State of affairs of osteopathy in the Benelux: Benelux Osteosurvey 2013

  • Patrick L.S. van Dun
    Corresponding author.Commission for Osteopathic Research, Practice and Promotion vzw (CORPP); Kon. Astridlaan 148/002, 2800 Mechelen, Belgium. Tel.: +32 499 725 637.
    Commission for Osteopathic Research, Practice and Promotion vzw (CORPP), Kon. Astridlaan 148/002, 2800 Mechelen, Belgium

    Research Division, C.O.ME. Collaboration, Kon. Astridlaan 148/002, 2800 Mechelen, Belgium
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  • Mioara Alina Nicolaie
    Ghent University, Department of Applied Mathematics, Computer Science and Statistics, Krijgslaan 281 (S9), 9000 Ghent, Belgium
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  • Arnout Van Messem
    Ghent University, Department of Applied Mathematics, Computer Science and Statistics, Krijgslaan 281 (S9), 9000 Ghent, Belgium
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Published:January 16, 2016DOI:



      The Commission for Osteopathic Research, Practice and Promotion (CORPP) and the Stichting Wetenschappelijk Osteopathisch Onderzoek (SWOO) identified the need to gather data about the practice profile of osteopaths in Belgium, the Netherlands and Luxembourg (together called the Benelux), to obtain actual figures regarding the profession to guide strategic planning concerning its promotion and future research projects.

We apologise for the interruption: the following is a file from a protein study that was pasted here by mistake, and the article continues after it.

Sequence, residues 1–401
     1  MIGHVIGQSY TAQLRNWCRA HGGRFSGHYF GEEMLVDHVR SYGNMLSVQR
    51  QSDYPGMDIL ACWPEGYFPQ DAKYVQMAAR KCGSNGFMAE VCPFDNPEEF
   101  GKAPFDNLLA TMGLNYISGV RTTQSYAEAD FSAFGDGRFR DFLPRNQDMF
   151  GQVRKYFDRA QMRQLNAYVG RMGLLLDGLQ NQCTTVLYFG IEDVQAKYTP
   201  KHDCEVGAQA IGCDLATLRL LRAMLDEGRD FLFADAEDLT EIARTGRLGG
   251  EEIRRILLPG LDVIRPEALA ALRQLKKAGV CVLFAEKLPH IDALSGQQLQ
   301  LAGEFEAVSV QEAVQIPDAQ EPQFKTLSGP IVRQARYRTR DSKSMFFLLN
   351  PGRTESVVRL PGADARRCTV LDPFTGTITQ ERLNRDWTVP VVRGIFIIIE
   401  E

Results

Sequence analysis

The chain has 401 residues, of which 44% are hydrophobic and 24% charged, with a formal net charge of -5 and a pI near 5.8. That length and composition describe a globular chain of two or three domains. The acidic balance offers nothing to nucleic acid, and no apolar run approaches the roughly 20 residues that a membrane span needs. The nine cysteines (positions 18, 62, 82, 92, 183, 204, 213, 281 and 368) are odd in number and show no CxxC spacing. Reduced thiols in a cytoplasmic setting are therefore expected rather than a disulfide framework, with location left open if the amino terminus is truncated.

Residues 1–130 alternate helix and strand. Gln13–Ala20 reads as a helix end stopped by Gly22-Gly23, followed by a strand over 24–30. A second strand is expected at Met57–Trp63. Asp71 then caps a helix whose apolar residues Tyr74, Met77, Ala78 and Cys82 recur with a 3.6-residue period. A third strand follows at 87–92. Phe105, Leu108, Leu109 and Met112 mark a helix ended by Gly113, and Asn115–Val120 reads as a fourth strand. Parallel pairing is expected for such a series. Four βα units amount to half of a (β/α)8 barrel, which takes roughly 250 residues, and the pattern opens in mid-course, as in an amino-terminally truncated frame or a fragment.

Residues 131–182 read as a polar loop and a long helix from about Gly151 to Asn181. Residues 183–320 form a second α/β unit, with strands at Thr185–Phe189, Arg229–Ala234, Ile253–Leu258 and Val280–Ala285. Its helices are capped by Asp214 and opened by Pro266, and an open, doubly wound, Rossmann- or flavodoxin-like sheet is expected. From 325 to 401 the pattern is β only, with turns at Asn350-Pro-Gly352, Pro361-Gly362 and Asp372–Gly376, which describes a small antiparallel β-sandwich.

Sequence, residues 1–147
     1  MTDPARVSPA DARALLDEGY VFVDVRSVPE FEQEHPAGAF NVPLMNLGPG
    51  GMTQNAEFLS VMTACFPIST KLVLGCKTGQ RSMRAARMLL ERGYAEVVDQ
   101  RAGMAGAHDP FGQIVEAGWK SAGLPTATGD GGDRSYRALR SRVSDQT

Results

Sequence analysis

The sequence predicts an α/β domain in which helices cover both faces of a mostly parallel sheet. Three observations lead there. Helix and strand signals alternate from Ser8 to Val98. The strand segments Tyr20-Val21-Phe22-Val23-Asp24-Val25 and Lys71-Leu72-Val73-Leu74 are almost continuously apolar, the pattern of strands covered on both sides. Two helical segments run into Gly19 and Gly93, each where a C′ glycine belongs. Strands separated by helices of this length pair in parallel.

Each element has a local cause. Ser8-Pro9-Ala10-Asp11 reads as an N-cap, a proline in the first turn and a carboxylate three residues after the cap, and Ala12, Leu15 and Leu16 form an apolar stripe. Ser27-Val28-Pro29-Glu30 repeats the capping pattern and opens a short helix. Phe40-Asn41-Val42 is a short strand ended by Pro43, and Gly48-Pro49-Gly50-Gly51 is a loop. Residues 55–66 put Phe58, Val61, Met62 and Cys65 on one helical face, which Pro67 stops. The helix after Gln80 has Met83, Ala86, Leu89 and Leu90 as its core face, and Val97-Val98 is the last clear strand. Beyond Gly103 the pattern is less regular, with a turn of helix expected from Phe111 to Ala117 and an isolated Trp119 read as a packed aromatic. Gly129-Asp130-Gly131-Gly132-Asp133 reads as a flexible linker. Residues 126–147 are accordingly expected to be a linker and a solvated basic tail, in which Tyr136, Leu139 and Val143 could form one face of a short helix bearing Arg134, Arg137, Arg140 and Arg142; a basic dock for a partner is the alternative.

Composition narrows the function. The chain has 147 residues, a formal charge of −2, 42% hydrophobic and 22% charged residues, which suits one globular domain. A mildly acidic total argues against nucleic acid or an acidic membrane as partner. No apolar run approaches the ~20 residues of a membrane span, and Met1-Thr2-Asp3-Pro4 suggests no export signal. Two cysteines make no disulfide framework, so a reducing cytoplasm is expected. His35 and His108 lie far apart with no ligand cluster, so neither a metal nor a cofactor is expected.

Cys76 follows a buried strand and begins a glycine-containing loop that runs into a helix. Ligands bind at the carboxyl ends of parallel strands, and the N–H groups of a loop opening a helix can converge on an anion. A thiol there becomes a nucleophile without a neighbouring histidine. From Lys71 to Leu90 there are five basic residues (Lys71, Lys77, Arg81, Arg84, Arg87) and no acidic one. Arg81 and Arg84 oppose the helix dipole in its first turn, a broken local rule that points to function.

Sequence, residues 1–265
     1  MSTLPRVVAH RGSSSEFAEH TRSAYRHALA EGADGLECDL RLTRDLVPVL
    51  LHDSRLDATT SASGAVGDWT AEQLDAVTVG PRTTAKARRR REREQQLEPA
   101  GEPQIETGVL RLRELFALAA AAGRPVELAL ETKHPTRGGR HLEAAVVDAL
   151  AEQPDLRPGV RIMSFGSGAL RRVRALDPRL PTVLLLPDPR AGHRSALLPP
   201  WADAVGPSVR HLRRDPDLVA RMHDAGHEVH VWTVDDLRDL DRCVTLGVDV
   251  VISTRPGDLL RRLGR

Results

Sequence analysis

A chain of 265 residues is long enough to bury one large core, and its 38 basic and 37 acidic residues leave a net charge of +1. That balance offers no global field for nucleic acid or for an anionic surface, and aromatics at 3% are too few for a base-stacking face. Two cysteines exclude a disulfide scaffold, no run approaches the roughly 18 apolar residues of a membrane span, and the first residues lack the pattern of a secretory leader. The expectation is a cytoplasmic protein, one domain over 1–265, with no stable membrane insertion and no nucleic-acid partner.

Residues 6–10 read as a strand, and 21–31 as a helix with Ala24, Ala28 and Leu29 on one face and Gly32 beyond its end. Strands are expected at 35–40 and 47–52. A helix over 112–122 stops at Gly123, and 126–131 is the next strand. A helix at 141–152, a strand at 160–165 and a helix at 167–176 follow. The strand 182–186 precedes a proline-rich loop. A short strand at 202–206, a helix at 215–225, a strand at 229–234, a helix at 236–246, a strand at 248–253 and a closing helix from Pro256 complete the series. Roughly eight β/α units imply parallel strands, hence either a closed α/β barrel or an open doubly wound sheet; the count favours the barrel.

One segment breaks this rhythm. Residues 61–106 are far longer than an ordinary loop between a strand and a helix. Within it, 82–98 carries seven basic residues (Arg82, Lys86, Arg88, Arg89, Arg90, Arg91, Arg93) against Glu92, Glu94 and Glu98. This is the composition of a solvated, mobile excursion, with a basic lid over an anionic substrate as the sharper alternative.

All Benelux osteopaths who could be contacted (n = 2050) were invited to complete an online questionnaire survey between December 20, 2012 and March 26, 2013. Descriptive and inferential statistics were used to analyse the data; specific research questions were tested using linear regression and proportional odds models. Results from previous national and international surveys of specific groups in the osteopathic profession were used for comparative analysis.


      The response rate was 52.15% (n = 1069). Almost one third of the respondents were female. The mean time since graduation was 11 years. The vast majority of respondents were self-employed and in private practice (91.94%, n = 935); one third worked in a group practice (33.82%, n = 344). They consult an average of 9 patients a day (37.7 patients a week) and the majority spend between 46 and 60 min with a new patient (50.51%, n = 498) and between 30 and 45 min with a returning patient (64.20%, n = 633). Practice working hours are on average 29.7 per week. The most commonly used diagnostic techniques are: inspection, palpation of position/structure and of movement. Only 2.43% (n = 24) of the respondents do not make a diagnosis with every consultation and the vast majority formulate a differential diagnosis before deciding to treat a patient (90.06%, n = 888). The most commonly used treatment techniques are: visceral manipulation, neuro- and viscerocranial techniques and general osteopathic mobilisations. Most common complaints by body region estimated by the respondents were the lumbar spine, cervical spine and pelvis. Respondents also estimated that patients were mostly self-referred.


      The results provide a benchmark for some aspects of osteopathic service delivery, which may inform potential purchasers of healthcare services; they also provide a baseline for estimating growth and scope of practice in the Benelux. Further research is required to enhance the validity of information about reported patients.


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